Since the mid-1980s subsequent US governments have promoted a highly militarized and prohibitionist drug control approach in Latin America. Despite this strategy the region has seen increasing levels of homicide, displacement and violence.
Why did the militarization of U.S. drug war policies in Latin America begin and why has it continued despite its inability to achieve the stated targets? Are such policies simply intended to impose U.S. power or have elites in Latin America internalized this agenda as their own? Why did resistance to this approach emerge in the late-2000s and does this represent a challenge to the prohibitionist agenda?
In this book William Avilés argues that if we are to understand and explain the militarization of the drug war in Latin America a ‘transnational grand strategy’, developed and implemented by networks of elites and state managers operating in a neoliberal, globalized social structure of accumulation, must be considered and examined.
Table of Contents
Chapter 1: Global Capitalism, Transnational Relations and U.S. Foreign Policy
Chapter 2: Capitalist Globalization, Prohibition and the U.S. Drug War
Chapter 3: Plan Colombia And the Merida Initiative-Waging War to Advance Capitalist Globalization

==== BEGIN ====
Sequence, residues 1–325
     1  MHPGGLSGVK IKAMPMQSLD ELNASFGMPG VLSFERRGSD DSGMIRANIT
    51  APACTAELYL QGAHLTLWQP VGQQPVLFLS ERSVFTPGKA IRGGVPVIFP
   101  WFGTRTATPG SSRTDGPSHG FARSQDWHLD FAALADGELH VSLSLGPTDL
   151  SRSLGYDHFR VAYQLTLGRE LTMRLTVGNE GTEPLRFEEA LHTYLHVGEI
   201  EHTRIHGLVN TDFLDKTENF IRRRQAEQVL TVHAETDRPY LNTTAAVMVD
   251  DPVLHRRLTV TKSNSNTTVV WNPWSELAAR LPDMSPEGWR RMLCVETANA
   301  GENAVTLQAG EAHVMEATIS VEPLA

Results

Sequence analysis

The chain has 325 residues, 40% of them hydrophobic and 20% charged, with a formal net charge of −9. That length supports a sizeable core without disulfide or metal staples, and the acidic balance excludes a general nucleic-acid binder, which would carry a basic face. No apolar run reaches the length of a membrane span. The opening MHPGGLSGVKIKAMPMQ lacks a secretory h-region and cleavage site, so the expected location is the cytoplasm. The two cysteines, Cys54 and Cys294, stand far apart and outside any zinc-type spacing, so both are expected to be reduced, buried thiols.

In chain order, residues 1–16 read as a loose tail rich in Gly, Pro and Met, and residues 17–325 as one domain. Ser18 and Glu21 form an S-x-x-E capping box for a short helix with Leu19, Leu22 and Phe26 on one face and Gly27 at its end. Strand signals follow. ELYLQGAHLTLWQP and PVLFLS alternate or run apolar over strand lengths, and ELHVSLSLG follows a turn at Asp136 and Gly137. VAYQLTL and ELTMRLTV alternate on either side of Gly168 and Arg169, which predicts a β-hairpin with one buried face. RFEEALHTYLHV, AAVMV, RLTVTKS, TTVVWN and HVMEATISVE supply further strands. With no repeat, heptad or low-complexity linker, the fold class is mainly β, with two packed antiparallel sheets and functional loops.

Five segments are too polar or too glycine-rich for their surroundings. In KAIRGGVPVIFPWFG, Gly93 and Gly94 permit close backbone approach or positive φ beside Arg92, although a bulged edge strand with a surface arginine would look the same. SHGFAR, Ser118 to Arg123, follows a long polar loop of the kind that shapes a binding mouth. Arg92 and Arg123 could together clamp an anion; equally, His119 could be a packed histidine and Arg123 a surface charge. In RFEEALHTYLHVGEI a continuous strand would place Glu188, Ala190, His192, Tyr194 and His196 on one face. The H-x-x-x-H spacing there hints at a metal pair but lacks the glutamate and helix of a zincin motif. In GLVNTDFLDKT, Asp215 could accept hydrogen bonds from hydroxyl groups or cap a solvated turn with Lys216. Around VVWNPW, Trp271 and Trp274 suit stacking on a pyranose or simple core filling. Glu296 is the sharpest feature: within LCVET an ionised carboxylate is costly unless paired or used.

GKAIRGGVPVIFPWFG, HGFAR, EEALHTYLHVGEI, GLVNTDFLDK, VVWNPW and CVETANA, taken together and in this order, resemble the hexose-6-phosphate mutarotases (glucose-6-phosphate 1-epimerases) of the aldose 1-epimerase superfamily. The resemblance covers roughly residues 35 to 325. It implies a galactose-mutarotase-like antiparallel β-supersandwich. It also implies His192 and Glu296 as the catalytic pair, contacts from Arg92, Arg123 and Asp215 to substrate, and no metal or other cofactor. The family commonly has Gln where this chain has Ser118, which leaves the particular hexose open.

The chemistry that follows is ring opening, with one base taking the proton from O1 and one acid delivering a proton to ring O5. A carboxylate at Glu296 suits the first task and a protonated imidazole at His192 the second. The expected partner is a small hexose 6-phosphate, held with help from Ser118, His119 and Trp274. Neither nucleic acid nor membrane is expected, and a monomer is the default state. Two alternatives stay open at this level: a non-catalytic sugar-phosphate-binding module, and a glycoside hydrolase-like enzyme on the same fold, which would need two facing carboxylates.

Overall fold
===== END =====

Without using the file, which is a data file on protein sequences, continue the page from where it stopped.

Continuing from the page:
Chapter 4: Social Conflict, Coca Eradication and The Transnational Elite in Bolivia and Peru
Chapter 5: Transnational Advocacy Networks and the Drug War
William Avilés is Professor of Political Science at The University of Nebraska at Kearney, USA. He teaches courses on the Politics of the Developing World; Latin American Politics; The Politics of the Drug War; and Democracy Around the World.
"In this compelling new study, Professor Avilés moves us beyond the established explanations for the drug war in Latin America. He shows how this war came about through the "grand strategy" of an entrenched transnational policy network to integrate the region into the political economy of global capitalism. A powerful indictment of the prohibitionist paradigm, the work will be of great interest to scholars, journalists, and policymakers. If you want to understand what and who are behind the drug war in Latin America, read this book." - William I. Robinson, University of California in Santa Barbara, USA